Results

The original model was just-identified. To test whether sex moderates the relationships between chaos in the home, problem-solving skills, an emotional reactivity, paths were individually constrained to be equal across groups. All paths resulted in an insignificant change in chi-squared (X2), indicating that the effects were not significantly different for males and females; accordingly, all paths were constrained to be equal. This model fit the data well [CFI = 1.000; TLI = 1.067; RMSEA = .000, 90% RMSEA Confidence Interval (CI) = .000 to .025]. Results indicated that, while controlling for SES and Ethnicity, chaos in the home positively predicts emotional reactivity (b = .336, β = .189, p < .001), such that for every standard increase in chaos in the home, emotional reactivity increases .189 standard deviations. Problem-solving skills negatively predicts emotional reactivity (b = -1.100, β = -.095, p = .004), such that for every standard deviation increase in problem-solving skills, emotional reactivity decreases .095 standard deviations. These findings suggest that problem-solving skills lessen the effect of chaos in the home on emotional reactivity in children, and that this effect do not differ for males and females.

Significance

The findings of this study suggest that as chaos in children’s home environments increases, children’s emotional reactivity increases as well. Further, we found that problem-solving skills lessen the effect of chaos in the home on emotional reactivity in children. Such that, the higher a child’s problem-solving skills are, the less emotionally reactive they are, even if the child’s home environment is chaotic. Further, these effects hold true for both males and females. As school psychologists, we have less control over what occurs in a student’s home environment, and more control over what happens in the schools. These findings can inform school psychologists on possible student interventions for children who have high emotional reactivity. Findings suggest that these interventions should focus on students' development of problem-solving skills.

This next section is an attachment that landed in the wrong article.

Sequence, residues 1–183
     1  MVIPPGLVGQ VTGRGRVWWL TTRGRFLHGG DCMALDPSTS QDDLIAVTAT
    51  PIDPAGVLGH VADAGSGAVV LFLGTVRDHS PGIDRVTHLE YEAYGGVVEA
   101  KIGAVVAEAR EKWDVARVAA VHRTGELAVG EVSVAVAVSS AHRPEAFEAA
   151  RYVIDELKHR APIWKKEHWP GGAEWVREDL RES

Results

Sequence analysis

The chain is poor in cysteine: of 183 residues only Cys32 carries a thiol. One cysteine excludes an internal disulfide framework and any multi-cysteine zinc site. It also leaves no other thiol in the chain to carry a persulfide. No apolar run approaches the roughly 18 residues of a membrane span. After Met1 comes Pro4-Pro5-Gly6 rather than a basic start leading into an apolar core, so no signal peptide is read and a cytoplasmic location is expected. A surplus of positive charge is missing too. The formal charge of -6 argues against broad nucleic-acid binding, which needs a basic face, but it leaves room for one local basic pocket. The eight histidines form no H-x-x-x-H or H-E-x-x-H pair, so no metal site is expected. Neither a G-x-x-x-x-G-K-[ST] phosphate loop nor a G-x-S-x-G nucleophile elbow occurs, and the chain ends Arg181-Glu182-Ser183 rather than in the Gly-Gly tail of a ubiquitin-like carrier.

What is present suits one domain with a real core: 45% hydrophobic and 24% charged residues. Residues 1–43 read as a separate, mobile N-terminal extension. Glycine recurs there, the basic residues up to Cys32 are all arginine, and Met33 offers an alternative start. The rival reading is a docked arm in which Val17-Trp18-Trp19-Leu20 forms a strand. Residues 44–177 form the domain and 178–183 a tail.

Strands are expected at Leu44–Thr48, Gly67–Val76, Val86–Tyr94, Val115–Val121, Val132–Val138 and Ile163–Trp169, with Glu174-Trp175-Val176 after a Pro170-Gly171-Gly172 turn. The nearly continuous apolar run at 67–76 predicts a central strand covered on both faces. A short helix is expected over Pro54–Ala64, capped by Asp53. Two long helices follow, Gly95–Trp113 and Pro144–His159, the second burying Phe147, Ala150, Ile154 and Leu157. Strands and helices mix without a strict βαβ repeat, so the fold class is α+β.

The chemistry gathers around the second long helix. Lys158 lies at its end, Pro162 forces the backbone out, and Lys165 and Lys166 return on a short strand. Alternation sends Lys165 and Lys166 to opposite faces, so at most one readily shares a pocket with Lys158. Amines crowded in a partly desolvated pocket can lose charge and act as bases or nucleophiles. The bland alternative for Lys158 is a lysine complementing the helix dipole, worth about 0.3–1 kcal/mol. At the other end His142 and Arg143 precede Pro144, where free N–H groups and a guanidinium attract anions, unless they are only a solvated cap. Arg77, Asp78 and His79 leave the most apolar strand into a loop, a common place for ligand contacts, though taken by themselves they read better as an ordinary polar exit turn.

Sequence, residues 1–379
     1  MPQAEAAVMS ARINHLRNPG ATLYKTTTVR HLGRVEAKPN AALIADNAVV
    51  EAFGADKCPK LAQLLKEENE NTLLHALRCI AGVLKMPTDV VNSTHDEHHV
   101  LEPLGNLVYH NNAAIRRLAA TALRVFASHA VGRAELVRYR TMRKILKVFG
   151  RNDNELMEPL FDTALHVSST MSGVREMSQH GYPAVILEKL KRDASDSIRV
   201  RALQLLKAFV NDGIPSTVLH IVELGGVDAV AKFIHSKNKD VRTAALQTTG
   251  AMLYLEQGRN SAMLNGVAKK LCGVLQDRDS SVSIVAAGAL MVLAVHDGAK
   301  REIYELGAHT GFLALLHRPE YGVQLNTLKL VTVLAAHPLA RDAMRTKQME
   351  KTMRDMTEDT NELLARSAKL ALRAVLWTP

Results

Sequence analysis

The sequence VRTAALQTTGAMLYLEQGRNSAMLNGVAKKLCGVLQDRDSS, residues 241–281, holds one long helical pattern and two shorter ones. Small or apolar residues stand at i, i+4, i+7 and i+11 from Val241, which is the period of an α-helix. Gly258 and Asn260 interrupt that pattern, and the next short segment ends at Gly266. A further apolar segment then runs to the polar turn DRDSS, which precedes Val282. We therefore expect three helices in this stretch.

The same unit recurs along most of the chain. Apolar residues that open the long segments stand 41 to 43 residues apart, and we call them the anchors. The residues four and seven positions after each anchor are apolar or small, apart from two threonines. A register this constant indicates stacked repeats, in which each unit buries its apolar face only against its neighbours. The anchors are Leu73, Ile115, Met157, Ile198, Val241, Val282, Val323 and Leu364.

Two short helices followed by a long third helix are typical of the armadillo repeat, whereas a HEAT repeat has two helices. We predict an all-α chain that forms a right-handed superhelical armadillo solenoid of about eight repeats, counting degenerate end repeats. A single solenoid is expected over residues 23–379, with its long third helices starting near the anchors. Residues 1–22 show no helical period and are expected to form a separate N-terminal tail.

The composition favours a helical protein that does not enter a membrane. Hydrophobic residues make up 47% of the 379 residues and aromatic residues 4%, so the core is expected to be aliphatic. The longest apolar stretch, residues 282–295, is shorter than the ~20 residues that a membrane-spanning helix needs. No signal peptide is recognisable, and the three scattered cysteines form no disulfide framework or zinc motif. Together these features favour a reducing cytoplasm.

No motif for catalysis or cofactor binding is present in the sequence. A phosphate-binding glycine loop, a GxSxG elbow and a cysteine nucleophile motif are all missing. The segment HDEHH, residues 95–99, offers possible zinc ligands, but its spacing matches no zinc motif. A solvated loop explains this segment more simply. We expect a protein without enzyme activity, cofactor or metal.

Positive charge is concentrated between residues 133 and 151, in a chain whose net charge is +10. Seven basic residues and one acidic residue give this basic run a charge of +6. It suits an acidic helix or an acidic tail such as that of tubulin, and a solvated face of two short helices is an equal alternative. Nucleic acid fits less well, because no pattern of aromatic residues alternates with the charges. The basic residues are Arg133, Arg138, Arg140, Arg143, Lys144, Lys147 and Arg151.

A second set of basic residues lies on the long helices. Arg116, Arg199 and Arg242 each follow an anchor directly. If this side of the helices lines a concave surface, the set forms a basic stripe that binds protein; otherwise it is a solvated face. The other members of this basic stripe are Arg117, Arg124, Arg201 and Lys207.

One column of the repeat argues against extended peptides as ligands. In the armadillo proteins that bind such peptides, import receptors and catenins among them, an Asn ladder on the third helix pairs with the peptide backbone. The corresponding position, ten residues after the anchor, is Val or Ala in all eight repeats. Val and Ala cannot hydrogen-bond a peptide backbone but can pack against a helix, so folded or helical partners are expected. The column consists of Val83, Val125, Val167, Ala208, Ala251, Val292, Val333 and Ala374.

Location

DeRosa University Center

Format

Poster Presentation

Poster Session

Afternoon 1pm-3pm

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Apr 28th, 1:00 PM Apr 28th, 3:00 PM

Mediating Effects of Problem-Solving on Emotional Reactivity in Children

DeRosa University Center

School psychologists often encounter students who are more reactive than their typical peers. Previous research has linked chaos to external and internal problems in children and adolescents (Dumas et. al., 2005; Shapero & Steinberg, 2013). There have been conflicting results of the sex differences in the effects of chaos on children (Shamama-tus-Sabah et al., 2012). Additionally, higher levels of emotional reactivity leads to more internalizing problems in preschool-aged children (Morgan, Izard, & Hyde, 2014), and both internalizing and externalizing problems in adolescents (Rabinowitz, et al., 2016). Research suggests that social problem-solving skills lead to a decrease in behavior problems in children (Webster-Stratton, Reid, & Hammond, 2001; Dereli-Iman, 2013). This study will expand on previous research by exploring the effect on chaos in the home on children’s emotional reactivity, and whether those effects are mediated by problem-solving skills. This study will also determine if these effects depend on whether one is male or female.